ERIC Number: ED350866
Record Type: RIE
Publication Date: 1992
Reference Count: N/A
ESL Instruction Using Maps, Conjoint Retention, and Confluency.
Davis, Harry O.
Conjoint retention and confluency are examined as psychological and pedagogical principles for use in instruction in English as a Second Language (ESL) when maps are used as facilitators. The theory of conjoint retention states that dual encoding occurs when a person hears or reads a narrative while simultaneously viewing a map containing narrative referents, and that this encoding improves recall of elements from either the narrative or the map. Confluent methodology, part of the humanistic approach to education, promotes integration of cognitive and affective aspects of learning. It is proposed that confluent methods of instruction can take advantage of the affective and empathic qualities inherent in maps and their use. These qualities and the aspects of map information processing that may be amenable to confluency and contribute to language teaching are examined in some detail, and 31 classroom activities incorporating maps in ESL instruction are outlined. The activities include games, listening, reading, and speaking practice, and investigative, descriptive, and reflective exercises. A 73-item bibliography is included. (MSE)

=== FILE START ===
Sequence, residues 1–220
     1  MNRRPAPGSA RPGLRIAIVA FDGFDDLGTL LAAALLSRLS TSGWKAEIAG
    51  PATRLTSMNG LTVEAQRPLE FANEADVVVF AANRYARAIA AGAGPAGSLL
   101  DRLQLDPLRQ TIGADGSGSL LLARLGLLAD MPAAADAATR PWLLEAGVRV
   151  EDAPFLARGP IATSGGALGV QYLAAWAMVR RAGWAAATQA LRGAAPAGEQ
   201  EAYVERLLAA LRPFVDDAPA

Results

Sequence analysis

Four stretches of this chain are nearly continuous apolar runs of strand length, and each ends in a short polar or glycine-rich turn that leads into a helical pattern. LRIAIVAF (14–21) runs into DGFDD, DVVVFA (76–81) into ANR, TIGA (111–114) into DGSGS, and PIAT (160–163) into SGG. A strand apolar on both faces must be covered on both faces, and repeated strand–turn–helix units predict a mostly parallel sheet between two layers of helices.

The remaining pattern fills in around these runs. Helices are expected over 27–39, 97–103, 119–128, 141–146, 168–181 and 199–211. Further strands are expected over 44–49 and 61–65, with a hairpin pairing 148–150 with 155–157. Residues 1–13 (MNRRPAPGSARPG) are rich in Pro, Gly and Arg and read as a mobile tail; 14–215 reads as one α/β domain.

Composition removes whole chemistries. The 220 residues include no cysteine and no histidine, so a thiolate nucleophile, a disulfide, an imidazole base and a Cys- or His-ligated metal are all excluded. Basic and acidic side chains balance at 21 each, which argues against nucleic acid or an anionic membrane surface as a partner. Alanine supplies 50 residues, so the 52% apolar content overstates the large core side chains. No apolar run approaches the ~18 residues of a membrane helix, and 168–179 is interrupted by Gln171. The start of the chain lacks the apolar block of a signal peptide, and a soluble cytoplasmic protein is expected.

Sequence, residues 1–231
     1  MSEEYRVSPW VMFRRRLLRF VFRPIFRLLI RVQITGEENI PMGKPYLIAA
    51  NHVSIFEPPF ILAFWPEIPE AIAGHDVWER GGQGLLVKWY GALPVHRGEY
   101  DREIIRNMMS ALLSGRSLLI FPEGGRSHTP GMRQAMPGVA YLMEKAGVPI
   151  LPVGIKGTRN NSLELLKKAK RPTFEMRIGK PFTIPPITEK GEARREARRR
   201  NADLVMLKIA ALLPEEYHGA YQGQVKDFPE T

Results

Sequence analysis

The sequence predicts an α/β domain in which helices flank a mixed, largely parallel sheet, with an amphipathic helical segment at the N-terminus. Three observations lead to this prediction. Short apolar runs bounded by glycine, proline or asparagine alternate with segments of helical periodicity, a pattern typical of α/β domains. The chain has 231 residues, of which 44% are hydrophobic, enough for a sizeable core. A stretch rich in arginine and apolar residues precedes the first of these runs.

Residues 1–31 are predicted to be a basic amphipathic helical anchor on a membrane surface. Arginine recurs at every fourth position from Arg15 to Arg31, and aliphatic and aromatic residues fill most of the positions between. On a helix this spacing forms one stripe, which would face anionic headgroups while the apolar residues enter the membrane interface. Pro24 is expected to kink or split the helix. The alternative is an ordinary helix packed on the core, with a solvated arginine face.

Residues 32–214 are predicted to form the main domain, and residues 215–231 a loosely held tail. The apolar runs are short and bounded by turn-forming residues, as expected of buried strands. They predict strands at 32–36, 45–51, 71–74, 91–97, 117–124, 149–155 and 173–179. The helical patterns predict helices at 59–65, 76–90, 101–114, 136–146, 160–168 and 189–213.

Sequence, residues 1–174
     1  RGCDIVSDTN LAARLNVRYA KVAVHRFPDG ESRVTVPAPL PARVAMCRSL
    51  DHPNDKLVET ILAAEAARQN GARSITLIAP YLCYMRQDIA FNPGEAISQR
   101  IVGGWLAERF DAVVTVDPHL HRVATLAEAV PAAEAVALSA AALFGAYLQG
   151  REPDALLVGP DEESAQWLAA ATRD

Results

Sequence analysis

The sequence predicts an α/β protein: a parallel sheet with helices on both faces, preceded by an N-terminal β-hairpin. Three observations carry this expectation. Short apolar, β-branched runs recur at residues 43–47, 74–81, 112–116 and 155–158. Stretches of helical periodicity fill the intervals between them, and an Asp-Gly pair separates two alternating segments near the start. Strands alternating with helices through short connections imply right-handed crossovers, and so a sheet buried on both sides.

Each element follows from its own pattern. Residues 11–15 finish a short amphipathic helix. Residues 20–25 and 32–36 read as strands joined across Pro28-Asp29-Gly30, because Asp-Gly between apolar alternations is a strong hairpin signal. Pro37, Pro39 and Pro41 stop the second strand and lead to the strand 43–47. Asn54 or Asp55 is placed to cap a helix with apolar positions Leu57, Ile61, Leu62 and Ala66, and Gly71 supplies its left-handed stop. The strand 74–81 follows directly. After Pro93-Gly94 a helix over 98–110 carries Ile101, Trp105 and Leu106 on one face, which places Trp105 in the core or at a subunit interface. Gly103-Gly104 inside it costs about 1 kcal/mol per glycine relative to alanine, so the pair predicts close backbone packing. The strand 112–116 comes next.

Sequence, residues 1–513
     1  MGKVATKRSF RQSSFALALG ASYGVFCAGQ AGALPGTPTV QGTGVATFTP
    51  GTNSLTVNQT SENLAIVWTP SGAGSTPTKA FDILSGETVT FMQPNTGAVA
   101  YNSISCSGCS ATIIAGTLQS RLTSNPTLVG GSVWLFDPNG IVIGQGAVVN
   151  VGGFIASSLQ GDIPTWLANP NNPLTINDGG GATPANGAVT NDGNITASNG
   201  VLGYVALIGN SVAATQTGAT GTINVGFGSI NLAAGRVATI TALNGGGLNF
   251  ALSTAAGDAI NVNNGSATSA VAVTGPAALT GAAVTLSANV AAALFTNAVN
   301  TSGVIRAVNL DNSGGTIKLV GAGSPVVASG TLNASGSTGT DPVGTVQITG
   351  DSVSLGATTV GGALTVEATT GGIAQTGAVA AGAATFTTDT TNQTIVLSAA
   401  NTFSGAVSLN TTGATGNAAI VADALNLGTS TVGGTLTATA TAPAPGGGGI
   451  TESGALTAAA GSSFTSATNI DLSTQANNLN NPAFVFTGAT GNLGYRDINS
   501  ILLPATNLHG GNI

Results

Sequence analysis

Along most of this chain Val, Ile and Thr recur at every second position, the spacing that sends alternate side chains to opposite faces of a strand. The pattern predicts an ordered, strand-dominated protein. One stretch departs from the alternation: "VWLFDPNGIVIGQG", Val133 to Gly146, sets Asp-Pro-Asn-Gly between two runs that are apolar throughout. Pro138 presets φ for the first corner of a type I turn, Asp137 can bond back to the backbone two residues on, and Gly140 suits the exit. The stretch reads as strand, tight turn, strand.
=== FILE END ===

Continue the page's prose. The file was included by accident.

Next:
Publication Type: Reports - Evaluative; Guides - Classroom - Teacher
Education Level: N/A
Audience: Teachers; Practitioners
Authoring Institution: N/A
Identifiers: Confluency (Second Language Instruction); Conjoint Retention Hypothesis